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Sort of got our diagnosis today and a bit confused, does anyone know about cognitive tests?

(12 Posts)
Willmouse Thu 04-Oct-12 20:48:37

DS- aged 9 has just been tested for what we thought was either Aspergers or high functioning autism. School are desperate to get Autism outreach in so I phoned today to see how much longer it would be before we got the formal diagnosis.

I have been told that he has autism spectrum condition and they will write a letter to school to that effect with the full report to follow in 3 weeks.

She then went on to tell me that the results of his cognitive test were 86 for working memory and 88 (I think) for verbal IQ. I was told that he has average to low IQ. I was surprised by this, I accept that he is hopeless at comprehension and maths but reads at least 12m ahead for his age and is always researching away on the computer doing PowerPoint presentations and the like.

I am now really stressed thinking I should give up my job as a childminder as it encroaches hugely on homework time.

School are also saying that my second son (6) is showing signs of being autistic, so all in all it has been a crappy day sad

ArthurPewty Thu 04-Oct-12 21:33:19

Message withdrawn at poster's request.

AgnesDiPesto Thu 04-Oct-12 23:01:02

Sorry to hear this. IQ scores for ASD are notorious for underestimating ability eg here. Because they are mostly language based, children with difficulties with language score badly. So my DS scored high on non verbal skills and really low on verbal ones.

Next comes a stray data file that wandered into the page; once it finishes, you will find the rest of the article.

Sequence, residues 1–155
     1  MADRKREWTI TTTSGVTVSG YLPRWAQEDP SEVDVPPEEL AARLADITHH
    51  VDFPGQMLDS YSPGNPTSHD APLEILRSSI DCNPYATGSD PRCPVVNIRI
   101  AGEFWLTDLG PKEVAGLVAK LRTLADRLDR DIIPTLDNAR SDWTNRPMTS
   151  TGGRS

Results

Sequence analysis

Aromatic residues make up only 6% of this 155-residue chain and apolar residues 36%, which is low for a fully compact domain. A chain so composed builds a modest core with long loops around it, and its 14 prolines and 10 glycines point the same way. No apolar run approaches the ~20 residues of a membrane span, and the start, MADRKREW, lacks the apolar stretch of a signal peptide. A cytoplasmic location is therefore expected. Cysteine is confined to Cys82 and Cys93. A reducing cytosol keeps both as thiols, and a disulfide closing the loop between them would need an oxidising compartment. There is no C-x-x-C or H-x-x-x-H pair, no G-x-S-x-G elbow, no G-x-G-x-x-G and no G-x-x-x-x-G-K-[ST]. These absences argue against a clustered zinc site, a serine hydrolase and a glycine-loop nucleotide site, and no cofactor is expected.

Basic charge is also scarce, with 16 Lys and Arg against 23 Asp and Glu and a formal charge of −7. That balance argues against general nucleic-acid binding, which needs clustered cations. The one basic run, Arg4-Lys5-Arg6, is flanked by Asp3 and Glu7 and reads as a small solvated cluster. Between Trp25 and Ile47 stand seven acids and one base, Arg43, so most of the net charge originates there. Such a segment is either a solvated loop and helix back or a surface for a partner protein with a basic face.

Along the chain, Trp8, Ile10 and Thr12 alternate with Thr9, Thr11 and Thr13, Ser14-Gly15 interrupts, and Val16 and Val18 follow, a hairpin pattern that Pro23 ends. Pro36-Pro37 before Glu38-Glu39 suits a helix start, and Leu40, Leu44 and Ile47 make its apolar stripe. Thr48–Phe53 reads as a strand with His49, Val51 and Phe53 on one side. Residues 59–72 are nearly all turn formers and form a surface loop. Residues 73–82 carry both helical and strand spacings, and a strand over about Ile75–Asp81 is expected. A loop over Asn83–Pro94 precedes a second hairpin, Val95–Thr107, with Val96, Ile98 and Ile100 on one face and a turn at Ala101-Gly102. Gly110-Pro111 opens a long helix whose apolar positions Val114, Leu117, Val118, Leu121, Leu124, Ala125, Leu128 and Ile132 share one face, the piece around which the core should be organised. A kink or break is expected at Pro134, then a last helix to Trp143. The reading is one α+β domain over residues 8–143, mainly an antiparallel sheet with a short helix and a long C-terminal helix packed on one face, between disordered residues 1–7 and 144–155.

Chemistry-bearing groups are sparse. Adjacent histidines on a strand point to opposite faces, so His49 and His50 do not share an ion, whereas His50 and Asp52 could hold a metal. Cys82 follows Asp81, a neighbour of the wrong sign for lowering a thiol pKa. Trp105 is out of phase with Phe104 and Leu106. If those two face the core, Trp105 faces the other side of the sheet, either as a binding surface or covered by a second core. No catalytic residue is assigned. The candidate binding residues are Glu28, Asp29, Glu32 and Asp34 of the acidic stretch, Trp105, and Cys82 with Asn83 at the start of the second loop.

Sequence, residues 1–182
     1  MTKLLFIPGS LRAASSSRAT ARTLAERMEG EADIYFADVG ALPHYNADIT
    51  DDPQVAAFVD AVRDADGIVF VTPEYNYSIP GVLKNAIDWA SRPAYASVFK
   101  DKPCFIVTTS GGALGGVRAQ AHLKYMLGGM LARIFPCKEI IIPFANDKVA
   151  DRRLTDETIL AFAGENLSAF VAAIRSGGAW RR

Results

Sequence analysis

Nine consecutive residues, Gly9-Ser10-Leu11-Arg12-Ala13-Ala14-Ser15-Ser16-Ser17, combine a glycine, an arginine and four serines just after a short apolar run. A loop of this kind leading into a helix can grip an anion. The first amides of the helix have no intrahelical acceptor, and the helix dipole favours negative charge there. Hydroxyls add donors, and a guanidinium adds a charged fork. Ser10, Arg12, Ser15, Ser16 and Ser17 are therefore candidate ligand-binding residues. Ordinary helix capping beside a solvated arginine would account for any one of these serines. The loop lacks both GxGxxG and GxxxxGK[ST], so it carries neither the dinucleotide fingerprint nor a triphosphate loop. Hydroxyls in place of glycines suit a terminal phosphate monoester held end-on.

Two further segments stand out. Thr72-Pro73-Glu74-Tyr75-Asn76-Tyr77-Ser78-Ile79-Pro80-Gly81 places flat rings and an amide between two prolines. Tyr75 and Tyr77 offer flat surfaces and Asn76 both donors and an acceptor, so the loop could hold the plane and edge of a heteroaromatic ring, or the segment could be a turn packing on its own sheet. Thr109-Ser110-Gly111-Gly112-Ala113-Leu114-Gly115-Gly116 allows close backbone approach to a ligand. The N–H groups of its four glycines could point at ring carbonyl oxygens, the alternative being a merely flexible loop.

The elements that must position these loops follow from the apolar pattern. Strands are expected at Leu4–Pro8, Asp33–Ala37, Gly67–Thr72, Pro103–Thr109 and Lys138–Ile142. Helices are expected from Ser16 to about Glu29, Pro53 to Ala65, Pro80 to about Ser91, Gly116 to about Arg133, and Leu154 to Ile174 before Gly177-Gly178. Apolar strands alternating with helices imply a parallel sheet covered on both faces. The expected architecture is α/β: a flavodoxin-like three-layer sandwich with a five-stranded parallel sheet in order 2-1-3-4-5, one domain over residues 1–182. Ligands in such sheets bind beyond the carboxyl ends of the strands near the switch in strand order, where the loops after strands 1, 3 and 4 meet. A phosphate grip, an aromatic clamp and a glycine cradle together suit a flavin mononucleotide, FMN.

bialystockandbloom Thu 04-Oct-12 23:42:15

Yes I gather too that IQ tests are really not an indication of cognitive ability with ASD children. It also is not necessarily an indication of other areas in which they might struggle (eg social understanding) and need help.

Eg my ds (5yo, High functioning ASD) is at a very high level of reading ability, but reading the words doesn't mean he will understand the story. The more I know of ASD, the more I realise that the brain works in such a different way, even at the 'mild' end of the spectrum. So a test like an IQ one, designed for neurotypical brain just might not be appropriate to use for someone with ASD (though afaik there is currently no real alternative).

Sorry for the news you have recently had. Keep posting here, there is lots and lots of support and advice.

Willmouse Fri 05-Oct-12 07:15:35

Thank you for the replies.

I will keep posting, I have so many questions I don't know where to start.

bialystockandbloom Fri 05-Oct-12 10:37:23

Don't want to bombard you with info now as you need time for this to sink in, but I would just say that it is probably a priority to look at applying for a statement for your ds. If school are, as you say, desperate for 'autism outreach', it suggests he is struggling and needs extra support. A statement is the best way to get this.

ilikemysleep Fri 05-Oct-12 17:59:43